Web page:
Entertainment

Forde bridges the gap

BY HOWARD CAMPBELL Observer senior writer

Monday, December 23, 2013    

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BORN in England to parents of Caribbean heritage, music producer/engineer Jermaine Forde has always related to different cultures in both regions. He says bridging a generational divide is the focus of his music.

The son of Aswad guitarist/singer Brinsley Forde, Forde produces artistes from Britain and Jamaica from his base in London. Most of those productions are released through Ajang Music, a company he operates with his mother, music industry veteran Marcia Simpson.

Forde, 36, says the days when first-generation black and Asian Britons listened to music from their parents' homeland are long over. It is a point he tries to bring across with artistes he works with in Britain and Jamaica.

"What happen over the years is that Jamaicans an' English get together an' have kids. That kid grow up an' decide him waan deejay an' him sound jus' like a man from Spanish Town," Forde reasoned, adding: "I'm not trying to cut out the Jamaican influence in England; I'm trying to make the youth dem in England stars in their own right so when you have a stage show with Jamaican an' English artiste, it makes the business wider."

G Starr, a British singjay with Jamaican roots, Belgian singer Onesty and Jamaican singjay Spade are some of the emerging acts Forde has worked with in the last two years.

They are featured on Ajang's latest productions, the Dreamland and Life Starts 'riddims', which are driven by songs from established artistes including Capleton and Sizzla.

Solve Them is Capleton's song on the Dreamland, while Sizzla's is I Like You Girl. Capleton has given Forde his biggest hit to date, 1995's How Long, which was recorded on the popular Pyramid beat.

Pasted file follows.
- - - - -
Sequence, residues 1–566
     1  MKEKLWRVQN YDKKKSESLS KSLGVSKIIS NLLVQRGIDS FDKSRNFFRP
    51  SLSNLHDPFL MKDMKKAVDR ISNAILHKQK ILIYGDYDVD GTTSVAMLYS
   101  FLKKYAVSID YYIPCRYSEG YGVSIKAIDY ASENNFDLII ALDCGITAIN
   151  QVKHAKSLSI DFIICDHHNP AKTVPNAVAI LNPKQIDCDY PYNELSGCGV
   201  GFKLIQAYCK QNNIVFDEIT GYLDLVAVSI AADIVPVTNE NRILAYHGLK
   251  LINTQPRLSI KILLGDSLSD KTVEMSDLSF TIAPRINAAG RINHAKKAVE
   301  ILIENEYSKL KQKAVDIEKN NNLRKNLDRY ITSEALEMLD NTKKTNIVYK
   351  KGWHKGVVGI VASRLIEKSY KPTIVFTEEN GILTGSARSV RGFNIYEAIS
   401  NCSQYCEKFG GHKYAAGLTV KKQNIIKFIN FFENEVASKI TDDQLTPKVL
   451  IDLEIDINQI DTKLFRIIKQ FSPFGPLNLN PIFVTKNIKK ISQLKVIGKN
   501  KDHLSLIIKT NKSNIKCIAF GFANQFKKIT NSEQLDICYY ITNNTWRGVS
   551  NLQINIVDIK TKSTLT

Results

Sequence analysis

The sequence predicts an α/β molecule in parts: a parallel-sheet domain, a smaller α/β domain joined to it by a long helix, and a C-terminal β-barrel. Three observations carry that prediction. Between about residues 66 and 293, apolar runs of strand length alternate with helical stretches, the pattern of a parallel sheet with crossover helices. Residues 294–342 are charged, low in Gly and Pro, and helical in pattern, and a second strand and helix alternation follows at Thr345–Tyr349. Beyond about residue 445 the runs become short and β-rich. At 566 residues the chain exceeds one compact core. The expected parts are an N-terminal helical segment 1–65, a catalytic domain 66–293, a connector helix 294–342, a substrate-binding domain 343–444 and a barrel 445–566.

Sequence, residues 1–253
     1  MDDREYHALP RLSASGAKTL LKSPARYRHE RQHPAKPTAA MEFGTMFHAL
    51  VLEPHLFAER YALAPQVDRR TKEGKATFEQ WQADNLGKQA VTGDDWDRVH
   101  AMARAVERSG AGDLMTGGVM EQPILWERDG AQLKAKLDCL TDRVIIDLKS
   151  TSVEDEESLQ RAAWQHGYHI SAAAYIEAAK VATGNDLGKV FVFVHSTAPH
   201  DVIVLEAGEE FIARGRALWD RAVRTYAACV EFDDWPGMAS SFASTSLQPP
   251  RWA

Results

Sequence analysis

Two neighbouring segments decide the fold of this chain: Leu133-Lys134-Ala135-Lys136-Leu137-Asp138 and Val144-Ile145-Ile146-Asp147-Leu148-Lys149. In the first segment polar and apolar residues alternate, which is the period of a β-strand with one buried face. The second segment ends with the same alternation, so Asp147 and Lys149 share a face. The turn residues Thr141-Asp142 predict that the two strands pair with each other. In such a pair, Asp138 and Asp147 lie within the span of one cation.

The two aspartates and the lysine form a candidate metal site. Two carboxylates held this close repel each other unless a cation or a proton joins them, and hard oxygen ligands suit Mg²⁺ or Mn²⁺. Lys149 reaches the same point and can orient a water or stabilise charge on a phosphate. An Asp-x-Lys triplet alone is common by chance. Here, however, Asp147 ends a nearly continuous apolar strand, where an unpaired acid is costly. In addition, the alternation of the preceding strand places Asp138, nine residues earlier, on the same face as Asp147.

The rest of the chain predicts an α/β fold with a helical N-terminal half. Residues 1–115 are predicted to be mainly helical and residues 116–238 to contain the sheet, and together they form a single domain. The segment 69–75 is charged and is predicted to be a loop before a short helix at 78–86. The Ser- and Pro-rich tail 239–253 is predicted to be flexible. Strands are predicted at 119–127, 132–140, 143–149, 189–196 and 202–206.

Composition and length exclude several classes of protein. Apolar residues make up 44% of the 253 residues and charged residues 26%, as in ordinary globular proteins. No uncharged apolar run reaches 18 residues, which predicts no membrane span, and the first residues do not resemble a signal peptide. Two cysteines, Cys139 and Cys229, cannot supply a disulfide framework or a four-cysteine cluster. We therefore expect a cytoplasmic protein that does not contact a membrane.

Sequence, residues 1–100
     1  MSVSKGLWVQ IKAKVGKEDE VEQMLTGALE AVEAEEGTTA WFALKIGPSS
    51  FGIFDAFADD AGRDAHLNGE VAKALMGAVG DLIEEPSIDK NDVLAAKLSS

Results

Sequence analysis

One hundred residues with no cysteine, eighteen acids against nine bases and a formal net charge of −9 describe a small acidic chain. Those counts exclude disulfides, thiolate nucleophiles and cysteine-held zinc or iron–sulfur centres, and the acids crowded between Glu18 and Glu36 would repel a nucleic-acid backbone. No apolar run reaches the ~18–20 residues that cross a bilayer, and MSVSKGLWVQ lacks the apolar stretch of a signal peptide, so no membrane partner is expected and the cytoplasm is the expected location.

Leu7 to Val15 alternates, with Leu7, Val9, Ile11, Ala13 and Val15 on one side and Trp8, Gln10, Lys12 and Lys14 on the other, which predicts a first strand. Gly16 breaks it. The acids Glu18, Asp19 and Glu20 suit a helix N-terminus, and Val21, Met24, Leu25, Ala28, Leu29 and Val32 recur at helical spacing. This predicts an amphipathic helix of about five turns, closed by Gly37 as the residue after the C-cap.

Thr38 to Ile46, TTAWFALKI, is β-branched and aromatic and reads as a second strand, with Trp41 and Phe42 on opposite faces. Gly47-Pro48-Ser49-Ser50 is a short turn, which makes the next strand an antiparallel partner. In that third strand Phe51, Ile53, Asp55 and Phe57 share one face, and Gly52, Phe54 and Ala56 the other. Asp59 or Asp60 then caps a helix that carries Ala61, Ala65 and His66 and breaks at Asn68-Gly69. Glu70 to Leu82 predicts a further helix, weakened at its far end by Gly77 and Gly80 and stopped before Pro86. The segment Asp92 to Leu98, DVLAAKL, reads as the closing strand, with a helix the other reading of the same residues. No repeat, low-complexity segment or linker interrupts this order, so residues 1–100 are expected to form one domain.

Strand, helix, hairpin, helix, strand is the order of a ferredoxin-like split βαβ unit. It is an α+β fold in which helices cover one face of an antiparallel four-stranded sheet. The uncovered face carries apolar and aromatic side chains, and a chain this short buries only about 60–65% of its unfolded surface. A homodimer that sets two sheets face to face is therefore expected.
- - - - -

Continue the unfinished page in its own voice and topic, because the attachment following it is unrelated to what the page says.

Jermaine Forde moved to Jamaica as a youngster with his mother. As a teenager, he soaked up the dancehall/reggae vibe with frequent visits to leading studios, including Freddie McGregor's Big Ship and Castro Brown's New Name.

Back in England, he worked with leading reggae distributor Jet Star Records, producing songs by a number of acts such as Beenie Man and Bushman. Even then, he challenged that company's unofficial policy of resurrecting classic Jamaican beats.

"I used to say, 'instead of going back to Channel One, why don't we start our own thing". They said, 'No, jus' do this," he recalled. "If my generation continues to do that, then all we're doing is going around in circles."

With his father an icon of British roots-reggae and stepfather Duckie Simpson, the founder of Grammy winners Black Uhuru, Forde has an appreciation for music from the 1970s and 1980s. In addition to producing, he has toured as a sound engineer with a diverse cast of artistes including Julian Marley and journeyman British roots band Misty In Roots.

While his goal is to produce original songs, he shares a similar objective with the elders.

"I'd like to leave a legacy of clean, good music, something for the whole family to enjoy," he said.

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